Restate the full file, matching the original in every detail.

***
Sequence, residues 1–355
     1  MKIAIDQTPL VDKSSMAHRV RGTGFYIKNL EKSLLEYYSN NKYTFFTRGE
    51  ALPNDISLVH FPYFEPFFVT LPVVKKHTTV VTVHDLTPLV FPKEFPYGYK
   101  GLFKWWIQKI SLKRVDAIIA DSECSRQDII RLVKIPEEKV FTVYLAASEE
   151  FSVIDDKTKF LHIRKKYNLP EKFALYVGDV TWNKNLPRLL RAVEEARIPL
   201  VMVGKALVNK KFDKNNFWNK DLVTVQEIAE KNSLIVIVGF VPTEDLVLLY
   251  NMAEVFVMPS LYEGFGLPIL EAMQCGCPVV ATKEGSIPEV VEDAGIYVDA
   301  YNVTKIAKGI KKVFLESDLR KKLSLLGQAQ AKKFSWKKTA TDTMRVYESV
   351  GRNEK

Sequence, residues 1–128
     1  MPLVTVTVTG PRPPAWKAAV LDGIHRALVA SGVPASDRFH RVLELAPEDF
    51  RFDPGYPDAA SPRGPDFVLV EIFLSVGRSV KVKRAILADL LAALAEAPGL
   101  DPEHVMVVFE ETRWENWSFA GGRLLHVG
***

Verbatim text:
Sequence, residues 1–355
     1  MKIAIDQTPL VDKSSMAHRV RGTGFYIKNL EKSLLEYYSN NKYTFFTRGE
    51  ALPNDISLVH FPYFEPFFVT LPVVKKHTTV VTVHDLTPLV FPKEFPYGYK
   101  GLFKWWIQKI SLKRVDAIIA DSECSRQDII RLVKIPEEKV FTVYLAASEE
   151  FSVIDDKTKF LHIRKKYNLP EKFALYVGDV TWNKNLPRLL RAVEEARIPL
   201  VMVGKALVNK KFDKNNFWNK DLVTVQEIAE KNSLIVIVGF VPTEDLVLLY
   251  NMAEVFVMPS LYEGFGLPIL EAMQCGCPVV ATKEGSIPEV VEDAGIYVDA
   301  YNVTKIAKGI KKVFLESDLR KKLSLLGQAQ AKKFSWKKTA TDTMRVYESV
   351  GRNEK

Sequence, residues 1–128
     1  MPLVTVTVTG PRPPAWKAAV LDGIHRALVA SGVPASDRFH RVLELAPEDF
    51  RFDPGYPDAA SPRGPDFVLV EIFLSVGRSV KVKRAILADL LAALAEAPGL
   101  DPEHVMVVFE ETRWENWSFA GGRLLHVG